Washington: US President Barack Obama and Prime Minister Benjamin Netanyahu of Israel sought on Monday to move beyond their bitter rupture over the Iran nuclear deal, emphasizing in a lengthy White House meeting the strong bonds between their nations and discussing shared priorities like confronting Iranian misbehaviour, countering terrorism and bolstering Israel’s security.
Obama said it was time to put aside their “strong disagreement” over the Iran deal, which he described as a “narrow” one that had been allowed to eclipse areas of common interest. He said the two sides should push forward to renegotiate a 10-year, multibillion-dollar package of military aid for Israel and to find ways to calm a recent wave of violence between Israelis and Palestinians.
Speaking to Israeli reporters after the session, Netanyahu called it “one of the best meetings I’ve had with Obama,” describing it as devoid of tension. “The conversation was in very good spirits and very honest,” he said. “No one hid the disagreements between us. Rather, we focused on how to go forward.”
Privately, the president told the prime minister he would dispatch high-level aides to Israel next month to begin formal discussions on the security agreement, according to senior administration and Israeli officials.
“It was a forward-looking meeting,” said a senior administration official, speaking on the condition of anonymity to detail the encounter, a two-and-a-half-hour Oval Office session that was the leaders’ first meeting in more than a year. “There was obviously an awareness of past disagreements, including recent ones, and no attempt to paper over them, but also no attempt to rehash them on either side.”
Obama began the meeting by seeking to minimise his highly public dispute with Netanyahu over the Iran deal, reached in July, which would ease sanctions in exchange for steps to restrain Tehran from obtaining a nuclear weapon.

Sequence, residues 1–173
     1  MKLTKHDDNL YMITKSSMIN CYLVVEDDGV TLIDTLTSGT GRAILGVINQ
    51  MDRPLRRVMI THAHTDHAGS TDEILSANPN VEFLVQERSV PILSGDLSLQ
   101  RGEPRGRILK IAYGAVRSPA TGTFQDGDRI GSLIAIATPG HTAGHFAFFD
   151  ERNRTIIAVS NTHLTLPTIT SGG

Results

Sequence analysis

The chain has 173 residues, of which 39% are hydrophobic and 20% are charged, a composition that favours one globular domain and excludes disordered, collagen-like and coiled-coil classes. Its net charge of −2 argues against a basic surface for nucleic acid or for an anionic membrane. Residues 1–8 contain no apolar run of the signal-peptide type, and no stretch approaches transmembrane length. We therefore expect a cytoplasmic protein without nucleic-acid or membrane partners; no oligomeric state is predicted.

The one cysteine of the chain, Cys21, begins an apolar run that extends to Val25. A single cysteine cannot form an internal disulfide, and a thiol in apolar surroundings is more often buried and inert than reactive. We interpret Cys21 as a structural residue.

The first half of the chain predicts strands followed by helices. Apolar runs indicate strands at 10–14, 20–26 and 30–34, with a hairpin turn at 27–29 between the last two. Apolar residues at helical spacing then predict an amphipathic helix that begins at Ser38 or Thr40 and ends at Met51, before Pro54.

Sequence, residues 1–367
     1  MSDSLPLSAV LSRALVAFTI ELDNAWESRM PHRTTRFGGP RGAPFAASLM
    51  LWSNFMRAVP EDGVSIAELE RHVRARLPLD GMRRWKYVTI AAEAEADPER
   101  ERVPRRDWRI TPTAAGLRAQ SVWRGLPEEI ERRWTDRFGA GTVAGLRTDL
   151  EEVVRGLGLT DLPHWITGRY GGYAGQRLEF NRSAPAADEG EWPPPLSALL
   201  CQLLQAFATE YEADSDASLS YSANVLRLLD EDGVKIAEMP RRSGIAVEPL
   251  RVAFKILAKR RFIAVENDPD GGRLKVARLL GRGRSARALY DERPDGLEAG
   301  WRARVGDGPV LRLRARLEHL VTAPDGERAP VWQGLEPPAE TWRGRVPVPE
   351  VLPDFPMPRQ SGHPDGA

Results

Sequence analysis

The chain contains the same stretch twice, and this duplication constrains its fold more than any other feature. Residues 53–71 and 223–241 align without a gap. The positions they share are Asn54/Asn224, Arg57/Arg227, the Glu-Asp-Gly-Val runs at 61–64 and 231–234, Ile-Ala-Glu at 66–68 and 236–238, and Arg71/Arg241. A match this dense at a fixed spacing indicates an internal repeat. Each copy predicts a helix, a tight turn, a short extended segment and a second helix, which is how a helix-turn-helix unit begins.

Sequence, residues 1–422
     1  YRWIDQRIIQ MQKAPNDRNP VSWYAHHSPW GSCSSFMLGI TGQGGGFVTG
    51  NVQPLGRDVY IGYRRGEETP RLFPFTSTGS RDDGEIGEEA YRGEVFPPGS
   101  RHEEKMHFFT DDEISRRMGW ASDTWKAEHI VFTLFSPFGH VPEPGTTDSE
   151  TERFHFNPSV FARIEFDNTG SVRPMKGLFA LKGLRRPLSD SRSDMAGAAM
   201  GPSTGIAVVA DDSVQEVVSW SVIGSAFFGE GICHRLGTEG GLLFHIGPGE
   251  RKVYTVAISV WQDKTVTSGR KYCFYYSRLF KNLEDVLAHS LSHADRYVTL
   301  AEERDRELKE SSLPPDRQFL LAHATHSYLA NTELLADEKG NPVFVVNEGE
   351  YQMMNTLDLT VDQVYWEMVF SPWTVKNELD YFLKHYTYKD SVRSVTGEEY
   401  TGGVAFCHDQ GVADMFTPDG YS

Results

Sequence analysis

“It’s no secret that the prime minister and I have had a strong disagreement on this narrow issue,” Obama said, seated beside Netanyahu. “But we don’t have a disagreement on the need for making sure that Iran does not get a nuclear weapon, and we don’t have a disagreement about us blunting destabilising activities in Iran that may be taking place. And so, we’re going to be looking to make sure we find common ground there.”
Instead of arguing over the merits of the Iran deal, as they had previously, the two leaders had a practical conversation about contingency planning should Tehran violate its terms. Netanyahu raised concerns about how quickly Iran might be able to reconstitute its nuclear capabilities after certain terms of the agreement have lapsed.
The meeting was in many ways a return to the cool, transactional manner in which Obama and Netanyahu have long operated. Officials on both sides described it as “businesslike” and “cordial.” The president noted that he had met with the Israeli prime minister as many times as with any other foreign leader - a sign, he said, of the “extraordinary bonds” between their countries.
“It doesn’t mean that they have agreed on every issue, and it doesn’t mean that they are the best of friends,” said Josh Earnest, the White House spokesman. “But it does mean that they are able to work effectively together to advance the interests of the citizens of their countries, but also to advance the shared interest of our alliance.”